A look back at Sunderland’s first ever library

Inside the library.
Inside the library.
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The times are changing for Sunderland’s Central Library.

It will be relocated next year - but the library service in the city has always had a fascinating history.

The 1801 Sunderland Subscription Library

The 1801 Sunderland Subscription Library

Philip Curtis, of the Sunderland Antiquarian Society, looks back and recalls a time when the city had no library at all.

There is no doubt that public libraries are changing.

The borrowing of books has been gradually declining in recent years.

The result is that a number of local Wearside libraries have closed and the city’s Central Library is now to be relocated early next year to the Museum.

Rules were quickly established, Members were allowed one book out for a fortnight and if not returned within that time there was a fine of one penny per day for a pamphlet or twopence for a book, with a maximum of five shillings

Philip Curtis

It is hard to imagine that, at one time, there was no public library at all in Sunderland.

The need for one was first recognized by the Sunderland Debating Society in 1794 .

The members agreed to start an institution in which a collection of books could be made available to the local people.

A room was taken in High Street West and the Sunderland Subscription Library was duly formed. In 1801 they moved to much improved premises, still in the High Street. These were eventually taken over by the Liverpool House department store.

Dr William Clanny.

Dr William Clanny.

All the archives of the Subscription Library are with the Sunderland Antiquarian Society and include minute books, visitors books, stock lists as well as the lending and borrowing details of the early 19th century.

The list of borrowed books illustrates the literary tastes of Sunderland in those days.

There were few novels and most were heavy reference books – the first book on the list was Edwin Darwin’s Zoonomia (2 volumes) which was valued at that time at £2, 15 shillings and six pence. He was the grandfather of Charles Darwin.

Can there really have been a demand for this down High Street? Remember a fair number of the inhabitants were probably illiterate.

The new Subscription Library charged 2 guineas a year membership – not a great deal now but in the early 1800s it was the equivalent of two weeks’ wages for a shipwright.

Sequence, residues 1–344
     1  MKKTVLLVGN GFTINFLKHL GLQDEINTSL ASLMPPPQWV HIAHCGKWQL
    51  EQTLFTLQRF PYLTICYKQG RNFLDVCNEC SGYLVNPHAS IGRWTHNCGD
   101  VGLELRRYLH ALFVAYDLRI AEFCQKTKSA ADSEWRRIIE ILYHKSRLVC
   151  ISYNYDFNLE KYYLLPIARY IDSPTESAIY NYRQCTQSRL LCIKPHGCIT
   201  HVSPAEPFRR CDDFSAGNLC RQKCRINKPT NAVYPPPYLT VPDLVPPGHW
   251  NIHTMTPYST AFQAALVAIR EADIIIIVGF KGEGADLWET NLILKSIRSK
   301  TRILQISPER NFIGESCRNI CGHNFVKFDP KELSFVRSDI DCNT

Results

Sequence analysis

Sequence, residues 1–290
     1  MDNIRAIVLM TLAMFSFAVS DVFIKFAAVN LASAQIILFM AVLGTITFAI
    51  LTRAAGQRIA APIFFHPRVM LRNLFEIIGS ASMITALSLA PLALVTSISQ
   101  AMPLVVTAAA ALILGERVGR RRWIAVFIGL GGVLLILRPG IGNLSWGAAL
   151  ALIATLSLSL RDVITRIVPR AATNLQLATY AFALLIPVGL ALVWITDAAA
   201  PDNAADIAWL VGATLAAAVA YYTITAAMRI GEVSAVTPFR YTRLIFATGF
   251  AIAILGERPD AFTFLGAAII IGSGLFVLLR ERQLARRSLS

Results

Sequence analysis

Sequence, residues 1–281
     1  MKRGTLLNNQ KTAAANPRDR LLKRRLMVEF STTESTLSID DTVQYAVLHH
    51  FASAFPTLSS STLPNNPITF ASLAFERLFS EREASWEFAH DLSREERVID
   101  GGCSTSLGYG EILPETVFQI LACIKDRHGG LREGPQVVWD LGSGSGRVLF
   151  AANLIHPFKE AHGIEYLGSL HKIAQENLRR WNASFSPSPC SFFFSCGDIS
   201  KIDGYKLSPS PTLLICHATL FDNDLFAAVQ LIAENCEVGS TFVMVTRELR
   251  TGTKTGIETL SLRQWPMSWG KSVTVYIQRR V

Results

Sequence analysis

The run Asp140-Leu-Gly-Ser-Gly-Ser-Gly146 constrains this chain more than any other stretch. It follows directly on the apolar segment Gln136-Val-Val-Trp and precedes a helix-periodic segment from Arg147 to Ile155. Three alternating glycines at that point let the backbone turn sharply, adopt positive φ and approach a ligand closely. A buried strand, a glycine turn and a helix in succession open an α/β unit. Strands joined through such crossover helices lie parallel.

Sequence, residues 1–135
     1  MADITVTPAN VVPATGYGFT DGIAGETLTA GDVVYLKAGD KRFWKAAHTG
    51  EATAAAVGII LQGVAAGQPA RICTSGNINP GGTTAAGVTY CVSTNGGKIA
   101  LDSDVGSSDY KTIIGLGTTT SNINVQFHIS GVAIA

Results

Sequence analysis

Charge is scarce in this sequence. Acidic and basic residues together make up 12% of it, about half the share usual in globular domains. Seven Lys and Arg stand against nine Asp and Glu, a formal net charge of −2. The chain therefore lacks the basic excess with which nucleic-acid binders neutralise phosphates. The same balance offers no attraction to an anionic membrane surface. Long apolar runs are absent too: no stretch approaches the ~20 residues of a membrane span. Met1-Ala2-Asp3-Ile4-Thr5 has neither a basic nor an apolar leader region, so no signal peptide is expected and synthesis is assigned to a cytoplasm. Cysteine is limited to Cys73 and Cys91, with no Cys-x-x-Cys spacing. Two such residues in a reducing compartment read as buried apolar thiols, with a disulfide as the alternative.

Unsurprisingly, by 1802 there were only 170 members from a population of 19,000.

The first members included the ‘great and good’ of the town. There were names such as Abbs, Goodchild, Grimshaw, Maling, Paley, Hedworth Williamson and Dr William Clanny and many of the books were donated.

Rules were quickly established, Members were allowed one book out for a fortnight and if not returned within that time there was a fine of one penny per day for a pamphlet or twopence for a book, with a maximum of five shillings.

Visitors who lived outside a 15 mile radius of Sunderland were only allowed into the library if accompanied by a member, and they had to be signed in (a bit like a working man’s club).

The early visitors book makes fascinating reading with the names of the guests and the flourishing signatures of the members of important Sunderland families.

One of the members who regularly signed in visitors was Dr William Reid Clanny who became nationally renowned for the invention of the Clanny Safety Lamp.

He, in fact, lived just further up the street from the library. One of his many guests was Robert Surtees of Mainsforth Hall who wrote the great History of the County Palatine of Durham. One can just imagine Clanny and Surtees in the High Street building pouring over the books.

The society holds photographs of the library from the early twentieth century and these show the interior lined with oak bookcases packed with books. There are also large tables and chairs for use of members.

The library became a thriving institution and eventually moved into 52 Fawcett Street near the old Town Hall.

The premises had a glass-domed lecture hall (the dome is still there) and there the library remained until 1938 when it closed down and the archives and some of the early books were deposited with the Antiquarian Society.

The 1801 building which housed the library still stands in High Street West.

Liverpool House store is long gone and there are plans afoot to demolish it.